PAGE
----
#7279: warning for unused type variables in instance contexts; 
  Reporter:  nfrisby                      |          Owner:                  
      Type:  feature request              |         Status:  closed          
  Priority:  normal                       |      Milestone:                  
 Component:  Compiler (Type checker)      |        Version:  7.6.1           
Resolution:  fixed                        |       Keywords:                  
        Os:  Unknown/Multiple             |   Architecture:  Unknown/Multiple
   Failure:  None/Unknown                 |     Difficulty:  Unknown         
  Testcase:  typecheck/should_fail/T7279  |      Blockedby:                  
  Blocking:                               |        Related:                  
Changes (by simonpj):

  * status:  new => closed
  * difficulty:  => Unknown
  * resolution:  => fixed
  * testcase:  => typecheck/should_fail/T7279


 This fix to ambiguity checking solves the problem
 commit 97db0edc4e637dd61ec635d1f9b6b6dd25ad890c
 Author: Simon Peyton Jones <simo...@microsoft.com>
 Date:   Tue Jan 8 08:26:40 2013 +0000

     Re-engineer the ambiguity test for user type signatures

     Two main changes. First, re-engineer the ambiguity test.  Previously
     TcMType.checkAmbiguity used a rather syntactic test to detect some
     types that are certainly ambiguous.  But a much easier test is
     and it is used for inferred types in TcBinds. Namely
         <type> is ambiguous
        <type> `TcUnify.isSubType` <type>
     fails to hold, where "isSubType" means "is provably more polymorphic
           C a => Int
     is ambiguous, because isSubType instantiates the (C a => Int)
     to (C alpha => Int) and then tries to deduce (C alpha) from (C a).
 This is
     Martin Sulzmann's definition of ambiguity.  (Defn 10 of "Understanding
     functional dependencies via constraint handling rules", JFP.)

     This change is neat, reduces code, and correctly rejects more
     However is *is* just possible to have a useful program that would be
     rejected. For example
               class C a b
               f :: C Int b => Int -> Int
     Here 'f' would be rejected as having an ambiguous type. But it is
     just possible that, at a *call* site there might be an instance
     declaration  instance C Int b, which does not constrain 'b' at all.
     This is pretty strange -- why is 'b' overloaded at all? -- but it's
     possible, so I also added a flag -XAllowAmbiguousTypes that simply
     removes the ambiguity check.  Let's see if anyone cares.  Meanwhile
     the earlier error report will be useful for everyone else.

     A handful of regression tests had to be adjusted as a result, because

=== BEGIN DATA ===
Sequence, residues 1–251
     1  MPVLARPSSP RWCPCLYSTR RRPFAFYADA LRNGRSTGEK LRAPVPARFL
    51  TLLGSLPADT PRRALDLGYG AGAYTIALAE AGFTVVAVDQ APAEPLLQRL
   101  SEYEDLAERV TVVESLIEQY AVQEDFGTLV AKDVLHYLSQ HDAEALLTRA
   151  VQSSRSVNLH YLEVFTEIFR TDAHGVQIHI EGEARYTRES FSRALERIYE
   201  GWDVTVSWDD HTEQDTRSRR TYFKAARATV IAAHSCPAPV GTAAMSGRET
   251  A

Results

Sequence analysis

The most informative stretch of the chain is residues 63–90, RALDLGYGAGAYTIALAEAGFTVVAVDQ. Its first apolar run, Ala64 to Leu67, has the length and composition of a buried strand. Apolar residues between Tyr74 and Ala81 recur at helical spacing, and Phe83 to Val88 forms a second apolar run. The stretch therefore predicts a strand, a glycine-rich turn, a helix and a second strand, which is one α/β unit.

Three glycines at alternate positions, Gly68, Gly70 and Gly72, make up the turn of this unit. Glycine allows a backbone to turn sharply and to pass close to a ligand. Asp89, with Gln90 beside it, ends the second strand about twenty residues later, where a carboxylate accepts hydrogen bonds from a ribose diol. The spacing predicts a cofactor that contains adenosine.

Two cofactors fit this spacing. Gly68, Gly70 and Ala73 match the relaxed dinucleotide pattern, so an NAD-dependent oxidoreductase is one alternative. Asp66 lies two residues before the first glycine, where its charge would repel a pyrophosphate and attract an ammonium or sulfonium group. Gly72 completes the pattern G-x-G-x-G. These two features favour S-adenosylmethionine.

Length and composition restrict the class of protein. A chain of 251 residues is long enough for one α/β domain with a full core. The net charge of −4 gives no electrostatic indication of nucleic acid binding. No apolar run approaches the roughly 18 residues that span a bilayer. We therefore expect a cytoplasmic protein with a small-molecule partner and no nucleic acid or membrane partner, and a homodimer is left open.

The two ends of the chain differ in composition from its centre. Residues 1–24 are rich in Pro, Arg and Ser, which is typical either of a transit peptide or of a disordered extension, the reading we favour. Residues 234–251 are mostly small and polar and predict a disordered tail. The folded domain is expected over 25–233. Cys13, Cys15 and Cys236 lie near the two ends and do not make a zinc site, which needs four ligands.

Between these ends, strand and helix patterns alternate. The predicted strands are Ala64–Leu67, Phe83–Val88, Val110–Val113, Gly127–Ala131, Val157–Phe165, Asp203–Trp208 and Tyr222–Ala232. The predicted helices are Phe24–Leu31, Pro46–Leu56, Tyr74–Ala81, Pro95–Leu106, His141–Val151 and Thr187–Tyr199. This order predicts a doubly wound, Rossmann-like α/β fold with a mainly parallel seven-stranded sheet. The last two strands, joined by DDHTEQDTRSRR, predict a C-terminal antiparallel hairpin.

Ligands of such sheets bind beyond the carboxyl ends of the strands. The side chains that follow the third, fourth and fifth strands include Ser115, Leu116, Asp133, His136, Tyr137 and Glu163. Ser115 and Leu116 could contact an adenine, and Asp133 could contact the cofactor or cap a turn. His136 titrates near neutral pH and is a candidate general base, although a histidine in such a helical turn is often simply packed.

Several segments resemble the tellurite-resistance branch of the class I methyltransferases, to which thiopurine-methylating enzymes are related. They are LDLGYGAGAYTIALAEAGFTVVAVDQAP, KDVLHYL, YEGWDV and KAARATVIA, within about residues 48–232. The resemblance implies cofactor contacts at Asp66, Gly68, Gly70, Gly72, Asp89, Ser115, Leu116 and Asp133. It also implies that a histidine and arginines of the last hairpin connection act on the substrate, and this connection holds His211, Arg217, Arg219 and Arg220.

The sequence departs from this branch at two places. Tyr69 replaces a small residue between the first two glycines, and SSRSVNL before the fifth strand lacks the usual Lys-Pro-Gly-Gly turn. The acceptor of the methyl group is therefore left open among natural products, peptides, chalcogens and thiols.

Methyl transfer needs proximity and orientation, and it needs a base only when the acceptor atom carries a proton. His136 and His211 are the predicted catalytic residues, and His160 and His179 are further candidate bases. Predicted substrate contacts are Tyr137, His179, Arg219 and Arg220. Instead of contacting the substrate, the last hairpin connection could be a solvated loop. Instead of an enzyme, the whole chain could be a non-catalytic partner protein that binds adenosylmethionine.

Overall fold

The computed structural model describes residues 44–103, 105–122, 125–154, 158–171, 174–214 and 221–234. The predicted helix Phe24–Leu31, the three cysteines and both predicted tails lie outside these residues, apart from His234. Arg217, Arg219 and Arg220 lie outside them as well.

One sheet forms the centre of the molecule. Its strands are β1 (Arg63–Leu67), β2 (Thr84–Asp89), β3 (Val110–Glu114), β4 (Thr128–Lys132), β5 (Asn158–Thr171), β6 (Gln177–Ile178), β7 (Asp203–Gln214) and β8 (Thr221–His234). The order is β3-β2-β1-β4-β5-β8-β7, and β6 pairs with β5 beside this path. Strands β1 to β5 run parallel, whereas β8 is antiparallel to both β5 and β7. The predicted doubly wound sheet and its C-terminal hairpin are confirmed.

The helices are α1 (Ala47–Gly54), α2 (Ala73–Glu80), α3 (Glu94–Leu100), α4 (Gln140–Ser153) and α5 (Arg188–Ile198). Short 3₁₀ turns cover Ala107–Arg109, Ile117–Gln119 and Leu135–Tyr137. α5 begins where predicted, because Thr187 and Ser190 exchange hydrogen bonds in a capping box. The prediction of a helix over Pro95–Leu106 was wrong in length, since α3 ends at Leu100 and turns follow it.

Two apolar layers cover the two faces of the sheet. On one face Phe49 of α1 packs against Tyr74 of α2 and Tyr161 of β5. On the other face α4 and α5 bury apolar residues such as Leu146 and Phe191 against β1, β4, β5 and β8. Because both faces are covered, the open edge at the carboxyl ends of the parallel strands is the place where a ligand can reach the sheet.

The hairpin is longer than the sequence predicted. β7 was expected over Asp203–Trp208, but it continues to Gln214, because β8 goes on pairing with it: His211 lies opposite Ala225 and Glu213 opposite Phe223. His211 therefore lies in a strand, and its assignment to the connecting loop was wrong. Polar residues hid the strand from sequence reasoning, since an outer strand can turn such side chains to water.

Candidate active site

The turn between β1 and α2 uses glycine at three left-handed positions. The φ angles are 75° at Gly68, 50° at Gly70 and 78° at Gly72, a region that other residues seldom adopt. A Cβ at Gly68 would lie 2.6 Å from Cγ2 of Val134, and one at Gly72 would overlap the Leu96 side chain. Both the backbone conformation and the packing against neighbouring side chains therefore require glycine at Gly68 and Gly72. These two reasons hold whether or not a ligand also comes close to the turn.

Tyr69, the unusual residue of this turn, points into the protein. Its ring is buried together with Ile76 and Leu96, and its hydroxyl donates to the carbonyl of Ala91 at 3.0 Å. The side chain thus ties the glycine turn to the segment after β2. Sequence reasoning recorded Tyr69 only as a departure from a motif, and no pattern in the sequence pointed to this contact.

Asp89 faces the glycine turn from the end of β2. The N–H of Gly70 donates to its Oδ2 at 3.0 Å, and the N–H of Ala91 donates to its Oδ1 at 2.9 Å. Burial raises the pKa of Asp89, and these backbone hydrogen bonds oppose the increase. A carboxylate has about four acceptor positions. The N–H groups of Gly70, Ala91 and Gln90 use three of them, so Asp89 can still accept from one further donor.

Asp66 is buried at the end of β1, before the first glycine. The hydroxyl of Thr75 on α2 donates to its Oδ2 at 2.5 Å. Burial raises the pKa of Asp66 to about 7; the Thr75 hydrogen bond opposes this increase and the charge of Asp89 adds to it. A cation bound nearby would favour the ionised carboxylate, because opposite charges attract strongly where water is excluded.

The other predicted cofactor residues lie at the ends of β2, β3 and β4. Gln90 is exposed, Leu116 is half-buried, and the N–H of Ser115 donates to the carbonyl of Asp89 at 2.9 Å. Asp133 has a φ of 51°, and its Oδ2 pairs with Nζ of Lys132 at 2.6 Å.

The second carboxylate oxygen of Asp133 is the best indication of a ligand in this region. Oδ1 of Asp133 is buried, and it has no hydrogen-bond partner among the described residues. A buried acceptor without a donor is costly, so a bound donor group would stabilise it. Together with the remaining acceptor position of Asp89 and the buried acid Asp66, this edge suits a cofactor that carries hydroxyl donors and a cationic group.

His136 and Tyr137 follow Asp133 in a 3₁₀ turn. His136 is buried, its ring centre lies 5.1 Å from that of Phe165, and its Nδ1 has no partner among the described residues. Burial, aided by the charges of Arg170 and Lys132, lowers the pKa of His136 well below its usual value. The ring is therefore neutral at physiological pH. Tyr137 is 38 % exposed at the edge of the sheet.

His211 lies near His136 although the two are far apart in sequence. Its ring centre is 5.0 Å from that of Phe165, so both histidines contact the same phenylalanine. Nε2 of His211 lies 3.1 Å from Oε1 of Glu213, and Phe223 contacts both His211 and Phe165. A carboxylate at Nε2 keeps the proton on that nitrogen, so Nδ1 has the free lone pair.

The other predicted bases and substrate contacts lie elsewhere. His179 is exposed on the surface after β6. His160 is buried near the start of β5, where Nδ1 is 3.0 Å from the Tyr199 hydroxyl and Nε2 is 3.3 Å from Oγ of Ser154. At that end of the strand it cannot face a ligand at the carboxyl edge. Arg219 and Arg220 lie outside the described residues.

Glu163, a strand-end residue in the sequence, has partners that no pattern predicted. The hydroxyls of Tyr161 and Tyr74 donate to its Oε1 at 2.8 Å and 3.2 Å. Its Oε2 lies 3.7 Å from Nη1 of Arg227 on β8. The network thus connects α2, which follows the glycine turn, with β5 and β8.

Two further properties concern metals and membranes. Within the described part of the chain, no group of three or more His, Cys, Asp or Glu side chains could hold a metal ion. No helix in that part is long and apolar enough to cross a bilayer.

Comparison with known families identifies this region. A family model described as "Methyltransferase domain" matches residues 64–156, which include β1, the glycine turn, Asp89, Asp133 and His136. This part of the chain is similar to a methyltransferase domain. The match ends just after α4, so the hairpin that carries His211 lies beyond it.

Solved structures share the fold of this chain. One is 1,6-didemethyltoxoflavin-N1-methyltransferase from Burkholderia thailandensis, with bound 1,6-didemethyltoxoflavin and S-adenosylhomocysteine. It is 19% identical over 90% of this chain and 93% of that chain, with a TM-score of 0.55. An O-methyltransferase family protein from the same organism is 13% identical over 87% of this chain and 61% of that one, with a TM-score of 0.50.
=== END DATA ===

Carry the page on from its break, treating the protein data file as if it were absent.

they used ambiguous types, somewhat accidentally.

     Second, split TcMType (already too large) into two

       * TcMType: a low-level module dealing with monadic operations like
         zonking, creating new evidence variables, etc

       * TcValidity: a brand-new higher-level module dealing with
         validity checking for types: checkValidType, checkValidInstance,
         checkFamInstPats etc

     Apart from the fact that TcMType was too big, this allows TcValidity
     to import TcUnify(tcSubType) without causing a loop.

  compiler/ghc.cabal.in               |    1 +
  compiler/main/DynFlags.hs           |    2 +
  compiler/typecheck/TcBinds.lhs      |   28 +-
  compiler/typecheck/TcDeriv.lhs      |  132 +++++
  compiler/typecheck/TcErrors.lhs     |  143 ++---
  compiler/typecheck/TcEvidence.lhs   |    4 +-
  compiler/typecheck/TcHsType.lhs     |    1 +
  compiler/typecheck/TcInstDcls.lhs   |    1 +
  compiler/typecheck/TcMType.lhs      | 1063
  compiler/typecheck/TcPat.lhs        |    1 +
  compiler/typecheck/TcRnTypes.lhs    |    8 +-
  compiler/typecheck/TcSMonad.lhs     |    9 +-
  compiler/typecheck/TcSimplify.lhs   |  152 +-----
  compiler/typecheck/TcTyClsDecls.lhs |    1 +
  14 files changed, 248 insertions(+), 1298 deletions(-)
 Now the instance declaration will (rightly) be rejected as ambiguous. So
 either you get
     Variable `b' occurs more often than in the instance head
       in the constraint: Show b
     (Use -XUndecidableInstances to permit this)
     In the instance declaration for `Eq (T a)'
 or, if you add `-XUndecidableInstances` you get the ambiguity error
     Could not deduce (Show b0)
       arising from the ambiguity check for an instance declaration
     from the context (Eq a, Show b)
       bound by an instance declaration: (Eq a, Show b) => Eq (T a)
       at T7279.hs:6:10-35
     The type variable `b0' is ambiguous
     In the ambiguity check for: forall a b. (Eq a, Show b) => Eq (T a)
     In the instance declaration for `Eq (T a)'

Ticket URL: <http://hackage.haskell.org/trac/ghc/ticket/7279#comment:1>
GHC <http://www.haskell.org/ghc/>
The Glasgow Haskell Compiler

Glasgow-haskell-bugs mailing list

Reply via email to